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Front Page » October 28, 2004 » The Women's Business Journal » Keep on Rolling: Business adviser leaves mark on Carbon C...
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Keep on Rolling: Business adviser leaves mark on Carbon County

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Sun Advocate reporter

Jeri loves to ride her motorcycle with her husband Don when she isn't helping the business community and residents of Carbon County.

Jeri Hamilton has weaved her special talents and abilities in and out of the fabric of Carbon and Emery counties for nearly 10 years. With her in-depth knowledge of business, finance and accounting, she has guided many area entrepreneurs in making sound decisions and setting attainable goals in their business approach.

Her selection as the Sun Advocate Business Woman of the Year came as a surprise to no one but herself.

"I was floored. The thought never crossed my mind," she commented. "You don't go through life looking for those things. When they happen they're amazing, but they are not the reason you do what you do."

Although she is currently preparing to relocate to Moab to serve as the manager for the Eastern Utah Community Credit Union's new branch, her selection is a final thank you and farewell from all those whose lives she touched.

Born and raised in Emery County, she completed her Associate's Degree at the College of Eastern Utah. She would go on to Utah State University in Logan, where she would earn a double bachelor's degree in accounting and finance.

Upon returning to the area, Jeri and husband Don began a small business, Starpoint Pools and Spas.

Jeri said the scariest thing about beginning her own business was just jumping in and taking a risk. She also began her work with the Southeastern Utah Association of Governments (AOG) as a fiscal specialist, where she worked for three years.

When a position became available in the Business and Economic Development department, Jeri was promoted. She put her skills to work helping others begin their own business adventure.

She said her three years in Business and Economic Development afforded her the opportunity to help others realize their dreams.

Jeri provided counciling for residents seeking to start a business, supported the expansion of existing businesses, taught classes for area business men and women, assisted with the grant and loan process and performed a variety of other duties to encourage economic development in the area.

Although Jeri said it was rewarding to help people get started, sometimes helping a person see that a small business was not the right option at the time could be just as fulfilling.

That is why Jeri emphasizes a business plan to anyone she is helping, to make sure that he or she is not getting caught up in something they won't be able to get back out of.

As a consumer loan officer, Jeri helps clients get financing for cars, boats and other fun items.

"Unless you put it down on paper, you don't know," she said. "Sometimes just writing it down gives people a reality check.

There are also three sure things that can cause a business to fail.

First, Jeri said when owners don't have a clear vision of the direction they want their business to grow, it can hinder success.

"Everything is limited, like time and resources," pointed out Jeri. "You need a clear direction to proceed."

Second, entrepreneurs who do not watch their cash flow will inevitably run into trouble.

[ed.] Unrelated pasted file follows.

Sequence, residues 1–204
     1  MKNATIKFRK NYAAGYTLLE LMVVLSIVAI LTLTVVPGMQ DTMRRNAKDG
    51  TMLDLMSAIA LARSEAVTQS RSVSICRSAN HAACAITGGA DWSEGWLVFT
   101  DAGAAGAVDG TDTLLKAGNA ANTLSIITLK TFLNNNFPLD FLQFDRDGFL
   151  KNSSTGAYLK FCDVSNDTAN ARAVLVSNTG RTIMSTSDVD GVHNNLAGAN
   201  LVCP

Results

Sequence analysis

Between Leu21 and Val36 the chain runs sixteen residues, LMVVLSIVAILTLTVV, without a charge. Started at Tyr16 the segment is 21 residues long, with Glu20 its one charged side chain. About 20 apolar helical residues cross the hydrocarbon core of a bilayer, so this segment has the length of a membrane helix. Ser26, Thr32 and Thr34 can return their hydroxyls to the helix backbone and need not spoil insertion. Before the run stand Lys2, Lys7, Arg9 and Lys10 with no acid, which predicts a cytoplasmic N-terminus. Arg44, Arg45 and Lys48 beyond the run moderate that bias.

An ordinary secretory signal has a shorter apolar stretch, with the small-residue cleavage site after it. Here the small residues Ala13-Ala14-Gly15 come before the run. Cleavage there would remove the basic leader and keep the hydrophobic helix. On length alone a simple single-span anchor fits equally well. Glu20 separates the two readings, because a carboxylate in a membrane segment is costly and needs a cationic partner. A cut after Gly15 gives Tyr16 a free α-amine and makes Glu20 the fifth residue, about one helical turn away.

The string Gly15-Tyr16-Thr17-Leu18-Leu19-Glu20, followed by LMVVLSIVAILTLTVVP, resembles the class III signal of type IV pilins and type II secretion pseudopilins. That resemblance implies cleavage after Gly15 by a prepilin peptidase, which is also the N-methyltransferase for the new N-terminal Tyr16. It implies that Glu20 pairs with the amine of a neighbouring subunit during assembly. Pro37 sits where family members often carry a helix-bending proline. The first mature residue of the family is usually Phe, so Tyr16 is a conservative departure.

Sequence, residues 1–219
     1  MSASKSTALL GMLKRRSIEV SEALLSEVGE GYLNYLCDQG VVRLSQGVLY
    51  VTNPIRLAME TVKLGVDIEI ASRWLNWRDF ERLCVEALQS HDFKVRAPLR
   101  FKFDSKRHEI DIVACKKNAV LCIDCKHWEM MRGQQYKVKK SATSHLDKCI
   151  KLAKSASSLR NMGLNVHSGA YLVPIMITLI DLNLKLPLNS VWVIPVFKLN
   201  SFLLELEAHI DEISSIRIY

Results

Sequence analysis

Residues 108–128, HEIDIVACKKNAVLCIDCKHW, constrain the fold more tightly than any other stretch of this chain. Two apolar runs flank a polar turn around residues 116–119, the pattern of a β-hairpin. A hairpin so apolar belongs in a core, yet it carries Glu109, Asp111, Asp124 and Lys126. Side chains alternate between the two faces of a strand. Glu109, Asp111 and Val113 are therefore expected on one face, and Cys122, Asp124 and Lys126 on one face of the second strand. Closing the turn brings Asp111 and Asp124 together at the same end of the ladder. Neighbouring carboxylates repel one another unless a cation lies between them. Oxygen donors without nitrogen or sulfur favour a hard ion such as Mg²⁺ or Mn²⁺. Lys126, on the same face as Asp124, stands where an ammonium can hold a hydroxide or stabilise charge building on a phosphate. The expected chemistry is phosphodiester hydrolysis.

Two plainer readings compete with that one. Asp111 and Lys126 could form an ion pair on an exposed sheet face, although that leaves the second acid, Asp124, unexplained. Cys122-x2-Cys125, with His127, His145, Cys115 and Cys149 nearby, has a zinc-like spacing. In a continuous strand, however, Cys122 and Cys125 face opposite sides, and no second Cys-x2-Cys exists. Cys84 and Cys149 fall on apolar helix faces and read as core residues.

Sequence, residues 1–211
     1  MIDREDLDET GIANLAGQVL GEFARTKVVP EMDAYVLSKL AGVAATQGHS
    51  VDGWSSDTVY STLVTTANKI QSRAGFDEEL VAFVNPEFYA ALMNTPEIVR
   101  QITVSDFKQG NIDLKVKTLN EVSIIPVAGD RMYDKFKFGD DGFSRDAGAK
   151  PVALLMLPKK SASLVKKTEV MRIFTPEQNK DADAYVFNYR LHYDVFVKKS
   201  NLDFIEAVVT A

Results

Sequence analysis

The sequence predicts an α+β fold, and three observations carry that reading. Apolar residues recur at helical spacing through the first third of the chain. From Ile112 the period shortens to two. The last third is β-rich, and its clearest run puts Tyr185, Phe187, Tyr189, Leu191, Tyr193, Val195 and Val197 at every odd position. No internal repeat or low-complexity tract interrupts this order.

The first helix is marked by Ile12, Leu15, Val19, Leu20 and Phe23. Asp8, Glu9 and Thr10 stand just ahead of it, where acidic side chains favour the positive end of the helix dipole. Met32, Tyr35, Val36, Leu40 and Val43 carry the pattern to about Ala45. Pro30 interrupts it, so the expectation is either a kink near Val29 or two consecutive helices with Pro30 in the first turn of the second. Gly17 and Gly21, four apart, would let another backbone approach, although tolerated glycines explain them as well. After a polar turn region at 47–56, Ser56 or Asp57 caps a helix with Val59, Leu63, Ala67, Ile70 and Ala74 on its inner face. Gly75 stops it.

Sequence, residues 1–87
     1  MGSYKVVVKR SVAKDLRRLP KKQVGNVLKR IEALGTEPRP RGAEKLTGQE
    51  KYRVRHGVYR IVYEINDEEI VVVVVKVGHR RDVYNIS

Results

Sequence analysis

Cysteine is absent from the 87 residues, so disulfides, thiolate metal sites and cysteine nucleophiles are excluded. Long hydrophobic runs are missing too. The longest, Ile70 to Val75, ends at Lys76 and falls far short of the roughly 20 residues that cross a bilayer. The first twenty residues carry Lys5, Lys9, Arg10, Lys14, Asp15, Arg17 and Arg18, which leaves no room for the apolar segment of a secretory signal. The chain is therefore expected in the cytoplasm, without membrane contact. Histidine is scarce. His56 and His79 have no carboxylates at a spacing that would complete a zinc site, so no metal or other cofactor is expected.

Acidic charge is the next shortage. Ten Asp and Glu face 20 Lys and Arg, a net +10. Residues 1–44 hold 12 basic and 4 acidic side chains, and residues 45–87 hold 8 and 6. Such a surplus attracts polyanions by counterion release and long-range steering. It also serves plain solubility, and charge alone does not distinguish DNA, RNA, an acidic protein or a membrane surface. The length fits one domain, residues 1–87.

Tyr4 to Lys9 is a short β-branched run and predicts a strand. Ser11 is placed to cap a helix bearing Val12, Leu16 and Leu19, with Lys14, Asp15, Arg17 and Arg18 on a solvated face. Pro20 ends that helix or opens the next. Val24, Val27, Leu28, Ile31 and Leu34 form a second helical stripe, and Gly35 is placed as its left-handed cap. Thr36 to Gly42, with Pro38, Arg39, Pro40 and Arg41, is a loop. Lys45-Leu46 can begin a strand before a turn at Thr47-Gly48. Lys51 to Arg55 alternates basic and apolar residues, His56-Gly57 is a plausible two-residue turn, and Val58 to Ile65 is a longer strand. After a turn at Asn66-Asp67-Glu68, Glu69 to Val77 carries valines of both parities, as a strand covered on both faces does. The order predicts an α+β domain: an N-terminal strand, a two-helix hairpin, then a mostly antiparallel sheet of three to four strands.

"You have to find a medium where you're not growing so fast you can't keep up," she commented. "It's an educated guessing game."

Finally, business men and women must be willing to take a risk.

However, not being informed about the industry and business practice is a risk that shouldn't be taken.

"It's a huge risk if you don't educate yourself about it," stated Jeri. "Get informed and then trust your instincts."

Risk is something Jeri has been willing accept, first in making a move over to the Eastern Utah Community Credit Union to become and loan officer, and now with her new responsibilities to guide the new Moab branch.

"It was a tough decision," Jeri commented. "But getting yourself out of a comfort zone is a necessary thing. You have to consciously make a choice."

However, Jeri said she has had mentors all along the way.

Aside from her husband Don, who Jeri said has been a key to her success, she has also received invaluable insight from Carbon County Commissioner and Credit Union President Michael Milovich, as well as former San Juan Commissioner Bill Redd.

Jeri and husband Don will be trying their hands at life in Moab.

Jeri met Redd through her work with the AOG. Redd said early on, he could see that she was a bright, hard working woman.

"I was impressed with both her desire for achievement and her methodology for going about it," he commented. "She has a desire of philosophically becoming, that is, being more every day. You don't see that very often."

Under Redd's guidance, Jeri had access to an endless supply of books and life stories.

"She listened to my little stories of success and laughed at my jokes," remarked Redd.

Redd said her move to Moab is another great growth opportunity.

For Jeri, the eventual plan is to return to the Carbon area. She and Don sold their small business, Starpoint Pool and Spa, to Trevor and Erin Rauhala. Jeri said the change of hands will allow the business to grow and flourish in a way that time couldn't allow for with Jeri and Don's full time jobs.

But, although Jeri expects time will bring her back to the area, she said she is still open to the possibility that life could take her elsewhere.

"I'll be playing in the sun and rocks in January instead of snow shoeing here. I think it will be exciting," she concluded.

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October 28, 2004
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